Boris Johnson sent for his ministerial jet to fly back from Cornwall to London after a family trip to the beach.
The prime minister and wife Carrie took their children Wilf and Romy to the seaside in Porthminster, St Ives, during the weekend visit to the Southwest.
Downing Street insisted the “sole reason” for the flight was to transport Mr Johnson and staff back from government business.
The government plane was sent from London to Royal Naval Air Station Culdrose, near Helston, on the morning of Monday 13 June, the Sunday Mirror first reported.
On the Friday before, Mr Johnson went to the Royal Cornwall Show, where he visited cattle and sheep tents and spoke to local traders. He also met farmers with Conservative candidate Helen Hurford ahead of the 23 June Tiverton and Honiton by-election, which the Lib Dems won in a major blow to the PM.
Over the weekend, Mr Johnson was seen enjoying the sunshine on at beach at St Ives.
On Monday of the flight, he went to Southern England Farms in Hayle, where he was photographed driving a tractor, trimming a courgette and weighing broccoli, before flying back to London.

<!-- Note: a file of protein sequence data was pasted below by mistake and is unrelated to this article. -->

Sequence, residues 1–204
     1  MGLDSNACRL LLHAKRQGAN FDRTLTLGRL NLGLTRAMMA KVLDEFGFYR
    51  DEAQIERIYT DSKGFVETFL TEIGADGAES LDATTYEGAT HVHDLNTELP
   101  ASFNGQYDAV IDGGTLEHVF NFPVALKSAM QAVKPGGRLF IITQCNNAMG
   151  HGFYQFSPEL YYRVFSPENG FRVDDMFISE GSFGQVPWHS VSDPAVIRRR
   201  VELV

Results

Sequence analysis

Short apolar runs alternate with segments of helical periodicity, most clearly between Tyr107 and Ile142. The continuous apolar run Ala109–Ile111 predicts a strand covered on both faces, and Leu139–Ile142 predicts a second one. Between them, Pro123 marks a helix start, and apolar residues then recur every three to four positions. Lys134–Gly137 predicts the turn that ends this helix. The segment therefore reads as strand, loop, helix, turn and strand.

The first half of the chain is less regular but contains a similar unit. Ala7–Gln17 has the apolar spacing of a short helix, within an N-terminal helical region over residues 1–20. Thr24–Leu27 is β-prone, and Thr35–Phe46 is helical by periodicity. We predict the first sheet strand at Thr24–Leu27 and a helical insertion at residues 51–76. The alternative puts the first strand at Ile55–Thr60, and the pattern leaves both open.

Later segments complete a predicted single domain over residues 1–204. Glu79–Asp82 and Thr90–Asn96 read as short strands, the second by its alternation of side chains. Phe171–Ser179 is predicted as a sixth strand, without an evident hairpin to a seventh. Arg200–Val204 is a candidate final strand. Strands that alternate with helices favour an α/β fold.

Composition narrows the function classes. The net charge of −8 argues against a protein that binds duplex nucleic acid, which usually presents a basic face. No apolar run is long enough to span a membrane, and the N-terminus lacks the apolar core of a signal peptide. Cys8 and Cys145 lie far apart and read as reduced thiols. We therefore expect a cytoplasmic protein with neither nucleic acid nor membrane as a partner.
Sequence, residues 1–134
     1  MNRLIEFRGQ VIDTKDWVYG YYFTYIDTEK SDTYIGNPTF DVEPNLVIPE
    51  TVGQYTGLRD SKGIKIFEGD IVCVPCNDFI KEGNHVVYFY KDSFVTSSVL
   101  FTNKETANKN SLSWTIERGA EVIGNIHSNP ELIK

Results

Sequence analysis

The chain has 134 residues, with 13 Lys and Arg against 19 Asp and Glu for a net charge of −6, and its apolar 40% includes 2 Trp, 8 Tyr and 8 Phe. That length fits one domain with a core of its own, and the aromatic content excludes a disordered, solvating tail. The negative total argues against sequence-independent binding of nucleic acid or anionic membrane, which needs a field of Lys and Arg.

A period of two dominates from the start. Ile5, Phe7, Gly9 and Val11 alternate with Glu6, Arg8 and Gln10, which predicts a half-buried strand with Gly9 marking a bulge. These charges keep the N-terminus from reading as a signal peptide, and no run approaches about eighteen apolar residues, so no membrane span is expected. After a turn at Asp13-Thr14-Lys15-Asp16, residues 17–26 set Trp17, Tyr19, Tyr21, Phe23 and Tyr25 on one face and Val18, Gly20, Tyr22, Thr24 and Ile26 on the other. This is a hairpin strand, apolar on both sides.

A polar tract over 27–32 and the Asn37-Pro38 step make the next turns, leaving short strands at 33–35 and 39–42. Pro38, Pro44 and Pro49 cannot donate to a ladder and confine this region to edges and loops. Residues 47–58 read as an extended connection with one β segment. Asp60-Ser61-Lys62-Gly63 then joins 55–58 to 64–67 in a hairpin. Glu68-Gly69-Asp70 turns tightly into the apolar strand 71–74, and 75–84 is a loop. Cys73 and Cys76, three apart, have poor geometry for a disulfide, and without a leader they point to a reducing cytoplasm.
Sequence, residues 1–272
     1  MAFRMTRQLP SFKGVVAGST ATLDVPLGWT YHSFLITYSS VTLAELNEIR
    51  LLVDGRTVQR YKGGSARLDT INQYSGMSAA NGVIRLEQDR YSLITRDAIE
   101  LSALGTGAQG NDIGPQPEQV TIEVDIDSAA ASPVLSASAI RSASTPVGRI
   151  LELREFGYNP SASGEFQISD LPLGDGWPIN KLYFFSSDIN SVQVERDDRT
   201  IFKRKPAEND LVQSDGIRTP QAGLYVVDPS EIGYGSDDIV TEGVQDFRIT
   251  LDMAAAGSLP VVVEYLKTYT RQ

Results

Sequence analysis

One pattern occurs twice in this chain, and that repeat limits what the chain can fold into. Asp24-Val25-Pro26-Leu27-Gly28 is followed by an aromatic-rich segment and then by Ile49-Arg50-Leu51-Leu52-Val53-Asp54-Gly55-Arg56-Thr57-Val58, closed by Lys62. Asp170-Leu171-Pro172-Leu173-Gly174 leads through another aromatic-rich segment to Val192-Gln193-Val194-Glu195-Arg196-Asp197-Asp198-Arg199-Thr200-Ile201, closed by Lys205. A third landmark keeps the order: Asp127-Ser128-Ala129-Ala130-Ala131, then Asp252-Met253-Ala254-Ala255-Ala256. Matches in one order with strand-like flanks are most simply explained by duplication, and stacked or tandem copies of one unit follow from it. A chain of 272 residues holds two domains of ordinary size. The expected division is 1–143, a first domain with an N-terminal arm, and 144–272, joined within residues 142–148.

Emily Thornberry, Labour’s shadow Attorney General, accused of the PM of “treating the government’s official plane as his personal taxi service, regardless of what it costs the environment or the taxpayer”.
“It’s the act of a man drunk on power, who needs to be told he’s had enough,” she added.
A No 10 spokesperson said: “All travel decisions are made with consideration for security and time restraints.
“The PM is accompanied on government business by a delegation of staff, which is taken into consideration as part of ensuring taxpayer value for money.
“This was the sole reason for the plane being used to transport the PM and his staff back from this particular visit.”
Boris Johnson was last year accused of “staggering hypocrisy” after he took a private jet back from the Cop26 climate summit to attend a private members’ club dinner in London.
His Cornwall trip also raises questions about whether the flight was justified under the ministerial code.
“Ministers must ensure that they always make efficient and cost-effective travel arrangements,” the rulebook states.
“Official transport should not normally be used for travel arrangements arising from party or private business, except where this is justified on security grounds.”
Family members are permitted to join ministers on the trips “provided that it is clearly in the public interest”.
The same plane was used for Mr Johnson’s diplomatic visit to Rwanda, Germany and Spain.
During the G7 summit in Schloss Elmau, the Prime Minister and Canada’s Justin Trudeau compared the relative sizes of their jets.
Mr Johnson said he had seen “Canada Force One” on the tarmac and Mr Trudeau joked that the Prime Minister’s plane was bigger.
“Very modest” was how Mr Johnson described his own jet.